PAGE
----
(15.) McKinley SH, Yen MT, Miller AM, et al. Microbiology of pediatric orbital cellulitis. Am J Ophthalmol 2007;144:497-501.

(16.) Van Buchen FL, Knottnerus JA, Schrijnemaekers VJ, et al. Primary-care-based randomised placebo-controlled trial of anti-biotic treatment in acute maxillary sinusitis. Lancet 1997;349:683-7.

(17.) Pomar Blanco P, Martin Villares C, San Roman Carbajo J, et al. Minimally invasive surgery for treating of complicated fronto-ethmoidal sinusitis. Acta Otorrinolaringol Esp 2005;56:252-6.

(18.) Gomez Campdera J, Aranguez Moreno G, Escamilla Carpintero Y, et al. Orbital cellulitis in childhood. Medicalsurgical treatment. Acta Otorrinolaringol Esp 2000;51:113-9.

Polisetti Ravi Babu [1], Bhennur Durga Prasad [2], Lanke Sowmya [3], Kota Sesha Brahma Srikrishna Sasanka [4]

[1] Professor, Department of ENT, Santhiram Medical College, Nandyal.

[2] Assistant Professor, Department of ENT, Santhiram Medical College, Nandyal.

[3] Senior Resident, Department of ENT, Santhiram Medical College, Nandyal.

[4] Junior Resident, Department of ENT, Santhiram Medical College, Nandyal.

Financial or Other, Competing Interest: None.

Submission 30-12-2015, Peer Review 20-02-2016, Acceptance 26-02-2016, Published 10-03-2016.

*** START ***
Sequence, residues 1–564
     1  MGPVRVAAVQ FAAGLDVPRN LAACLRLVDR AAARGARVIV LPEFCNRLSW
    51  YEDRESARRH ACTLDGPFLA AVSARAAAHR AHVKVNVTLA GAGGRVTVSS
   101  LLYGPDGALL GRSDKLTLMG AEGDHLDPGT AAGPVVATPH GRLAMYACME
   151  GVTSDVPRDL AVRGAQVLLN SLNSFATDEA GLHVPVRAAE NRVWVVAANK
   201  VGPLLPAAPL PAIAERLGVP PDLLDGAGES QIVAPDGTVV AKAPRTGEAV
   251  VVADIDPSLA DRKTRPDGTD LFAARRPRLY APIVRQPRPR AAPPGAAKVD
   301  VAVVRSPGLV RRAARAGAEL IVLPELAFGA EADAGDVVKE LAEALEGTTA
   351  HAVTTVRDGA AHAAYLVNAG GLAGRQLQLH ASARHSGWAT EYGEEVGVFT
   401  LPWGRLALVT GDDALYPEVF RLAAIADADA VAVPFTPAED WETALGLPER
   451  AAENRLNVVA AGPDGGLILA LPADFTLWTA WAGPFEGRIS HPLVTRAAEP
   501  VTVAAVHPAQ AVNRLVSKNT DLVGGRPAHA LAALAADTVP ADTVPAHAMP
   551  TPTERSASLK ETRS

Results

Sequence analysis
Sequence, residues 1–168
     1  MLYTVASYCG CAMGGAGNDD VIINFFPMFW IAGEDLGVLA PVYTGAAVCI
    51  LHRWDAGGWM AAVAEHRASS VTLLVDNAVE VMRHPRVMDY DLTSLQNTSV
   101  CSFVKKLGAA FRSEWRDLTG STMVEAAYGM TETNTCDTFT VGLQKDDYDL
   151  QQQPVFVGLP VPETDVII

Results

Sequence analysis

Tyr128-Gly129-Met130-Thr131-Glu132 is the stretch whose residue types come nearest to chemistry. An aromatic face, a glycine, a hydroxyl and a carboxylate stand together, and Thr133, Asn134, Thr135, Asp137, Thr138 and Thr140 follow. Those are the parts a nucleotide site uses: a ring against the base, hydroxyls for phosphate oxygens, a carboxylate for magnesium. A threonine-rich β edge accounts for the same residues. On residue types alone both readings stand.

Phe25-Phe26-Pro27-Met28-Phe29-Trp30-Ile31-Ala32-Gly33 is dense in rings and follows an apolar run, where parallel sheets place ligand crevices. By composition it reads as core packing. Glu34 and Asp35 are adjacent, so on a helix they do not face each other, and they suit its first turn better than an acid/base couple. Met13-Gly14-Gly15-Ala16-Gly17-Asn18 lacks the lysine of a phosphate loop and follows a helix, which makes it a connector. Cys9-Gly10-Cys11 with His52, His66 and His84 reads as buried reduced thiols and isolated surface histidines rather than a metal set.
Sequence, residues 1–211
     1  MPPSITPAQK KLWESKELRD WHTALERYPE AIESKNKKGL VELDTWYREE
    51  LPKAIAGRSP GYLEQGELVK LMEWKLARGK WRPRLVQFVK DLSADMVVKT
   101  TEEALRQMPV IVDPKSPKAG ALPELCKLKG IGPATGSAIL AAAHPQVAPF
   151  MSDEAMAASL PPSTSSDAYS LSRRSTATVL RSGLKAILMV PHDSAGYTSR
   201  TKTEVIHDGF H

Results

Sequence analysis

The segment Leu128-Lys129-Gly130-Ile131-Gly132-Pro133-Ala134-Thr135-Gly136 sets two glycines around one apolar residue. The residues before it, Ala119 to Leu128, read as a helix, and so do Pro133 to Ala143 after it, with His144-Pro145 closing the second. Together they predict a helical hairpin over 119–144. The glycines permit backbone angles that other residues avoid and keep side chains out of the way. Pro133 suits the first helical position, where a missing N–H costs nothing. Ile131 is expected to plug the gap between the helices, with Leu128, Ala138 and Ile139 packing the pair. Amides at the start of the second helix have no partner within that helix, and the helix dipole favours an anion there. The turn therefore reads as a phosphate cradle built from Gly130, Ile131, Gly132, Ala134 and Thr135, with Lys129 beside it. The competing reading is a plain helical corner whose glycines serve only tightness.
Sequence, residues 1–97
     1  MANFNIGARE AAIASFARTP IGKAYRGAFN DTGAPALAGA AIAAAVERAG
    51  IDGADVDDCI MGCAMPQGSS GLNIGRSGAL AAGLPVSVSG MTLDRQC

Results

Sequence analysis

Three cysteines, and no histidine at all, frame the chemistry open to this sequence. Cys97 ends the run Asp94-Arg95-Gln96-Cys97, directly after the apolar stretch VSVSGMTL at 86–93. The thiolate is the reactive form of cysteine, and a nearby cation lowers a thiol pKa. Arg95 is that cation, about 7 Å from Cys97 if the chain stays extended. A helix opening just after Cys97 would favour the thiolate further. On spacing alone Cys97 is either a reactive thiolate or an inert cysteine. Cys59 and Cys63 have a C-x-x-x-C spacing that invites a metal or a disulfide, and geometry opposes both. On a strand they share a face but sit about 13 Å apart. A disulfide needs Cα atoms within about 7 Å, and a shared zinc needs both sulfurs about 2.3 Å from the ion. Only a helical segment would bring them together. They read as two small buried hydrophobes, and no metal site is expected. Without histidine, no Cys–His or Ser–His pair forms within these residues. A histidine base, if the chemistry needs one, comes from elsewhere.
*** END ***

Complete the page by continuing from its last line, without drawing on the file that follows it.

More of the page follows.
Corresponding Author:

Polisetti Ravi Babu, Professor, Department of ENT, Santhiram Medical College, Nandyal.

E-mail: polisettir@yahoo.com

DOI: 10.14260/jemds/2016/240

Table 1: Showing age distribution

Age in Years   Pre-septal Cellulitis   Orbital Cellulitis

10-20                    3                     1
21-30                    5                     4
31-40                    1                     0

Table 2: Showing side of involvement

Group       Right Side   Left Side

Preseptal       6            3
Orbital         3            2

Chart 1: Showing sex distribution in two groups

            Female   Male

PRESEPTAL     5       4
ORBITAL       3       2

Note: Table made from bar graph.
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Article Details
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Title Annotation:Original Article
Author:Babu, Polisetti Ravi; Prasad, Bhennur Durga; Sowmya, Lanke; Sasanka, Kota Sesha Brahma Srikrishna
Publication:Journal of Evolution of Medical and Dental Sciences
Article Type:Report
Date:Mar 10, 2016
Words:1914